Now with respect to the offline initiative, there have been a number of concerns that as the company moves out and makes PayPal available at the point-of-sale system at a lot of large national retailers, as well as Discover's entire network, that that might have a dilutive impact on margins for the business. In fact, what the company says is that while they may have a lower take rate--and I think what they're doing here is just lowering the take rate to allow merchants to put PayPal in and make it a part of the point-of-sale system--what you find is that there's lower loss rates, so lower fraud coming from the in-store purchases, as well, that more or less neutralizes that lower take rate, allowing it to be about margin-neutral at the end of the day.
One of things that I think surprised a lot of investors at the Analyst Day is that the company actually increased its operating margin target for PayPal. That segment historically generated about 24%-26% operating margins. They were looking for 24% this year and most people thought that number was going to be flat for the next couple of years, but in fact PayPal is actually expected by 2015 to reach 25% or above on that segment alone.
Coffina: So, you've raised your fair value estimate on eBay twice in the last month or so, and now since its $63 a share, up from $53, can you tell me what are the key assumptions behind that fair value estimate?
Hottovy: Sure. There's really been two main drivers behind the fair value increase; one being the mobile opportunity that's out there. I think eBay is one of the best-positioned companies to capitalize on the growing trend of mobile commerce, whether it be through its portfolio of mobile apps or its ability to facilitate mobile payments. John Donahoe had a good anecdote that going forward consumers aren't going to want to see multiple apps for every different retailer that's out there in every different payment form.
They're really going to want one versatile app that they can go to for as many as their shopping needs they can accomplish in one payment form, and I think that eBay is uniquely positioned in that form. I think that mobile payments, which are expected to exceed $20 billion from both payment volumes and merchandise volumes, both in 2013; that number could grow up to $75 billion by 2015, which would represent over one fourth of the commerce volumes that the company is facilitating by that point. I think that eBay's ability to monetize their mobile growth is the first reason why I've increased my fair value estimates.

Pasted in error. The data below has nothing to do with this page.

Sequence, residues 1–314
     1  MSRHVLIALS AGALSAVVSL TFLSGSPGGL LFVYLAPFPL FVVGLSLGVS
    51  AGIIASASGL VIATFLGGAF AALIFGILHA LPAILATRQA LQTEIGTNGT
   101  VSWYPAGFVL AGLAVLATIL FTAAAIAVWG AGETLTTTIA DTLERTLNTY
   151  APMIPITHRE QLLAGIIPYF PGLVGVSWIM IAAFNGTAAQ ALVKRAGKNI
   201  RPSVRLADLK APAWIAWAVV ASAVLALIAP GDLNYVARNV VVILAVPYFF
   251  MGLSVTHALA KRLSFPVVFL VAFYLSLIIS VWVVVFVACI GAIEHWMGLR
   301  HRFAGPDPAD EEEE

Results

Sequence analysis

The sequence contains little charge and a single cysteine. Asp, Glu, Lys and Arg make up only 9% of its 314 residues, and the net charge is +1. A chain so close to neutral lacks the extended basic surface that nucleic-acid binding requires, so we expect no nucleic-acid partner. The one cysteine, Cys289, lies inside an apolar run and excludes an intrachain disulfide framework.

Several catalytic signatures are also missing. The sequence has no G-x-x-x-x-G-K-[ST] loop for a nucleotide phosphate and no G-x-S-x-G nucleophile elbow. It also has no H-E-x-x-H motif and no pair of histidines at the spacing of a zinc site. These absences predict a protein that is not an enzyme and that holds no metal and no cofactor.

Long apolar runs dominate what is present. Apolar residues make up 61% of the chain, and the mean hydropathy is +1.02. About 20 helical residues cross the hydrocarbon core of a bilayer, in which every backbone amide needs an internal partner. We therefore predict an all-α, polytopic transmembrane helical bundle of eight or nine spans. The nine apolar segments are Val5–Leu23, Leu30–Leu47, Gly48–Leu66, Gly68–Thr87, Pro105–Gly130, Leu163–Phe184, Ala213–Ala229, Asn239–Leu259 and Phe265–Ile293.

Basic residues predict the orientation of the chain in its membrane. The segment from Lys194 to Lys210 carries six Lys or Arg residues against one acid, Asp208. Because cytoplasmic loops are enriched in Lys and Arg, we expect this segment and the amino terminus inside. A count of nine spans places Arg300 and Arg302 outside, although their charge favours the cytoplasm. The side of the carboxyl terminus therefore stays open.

The second reason is just being some pretty ambitious targets the company has laid out in terms of what it hopes to accomplish in terms of overall merchandise volume, payment volumes, revenue, and operating margins by 2015. We were already ahead of Wall Street estimates for a lot of our 2015 numbers, but the company introduced targets of $110 billion in gross merchandise volume, $290 billion in total payment volumes. That's supposed to result in 2015 revenue between $21.5 billion and $23.5 billion, with operating margins essentially holding flat at about 27%.
Those numbers were ahead of my expectations, but as the company walked through their blueprint to hit those numbers, it gave me more confidence that they can hit them. So, that's really what's driving that [fair value estimate]. Those payment volumes are going to be facilitated by a little bit lower take rate to make the company more competitive and keep its top merchants happy, but at the end of the day the free cash flow implications of that kind of volume growth outweigh that lower take rate and have a positive impact on our fair value estimate.
Coffina: Great. Thanks so much for joining me today, R.J. In conclusion, eBay I think is one of the highest-quality companies in our coverage universe, trading in a modest discount to fair value but certainly worth keeping on your radar screens. For Morningstar StockInvestor, I'm Matt Coffina.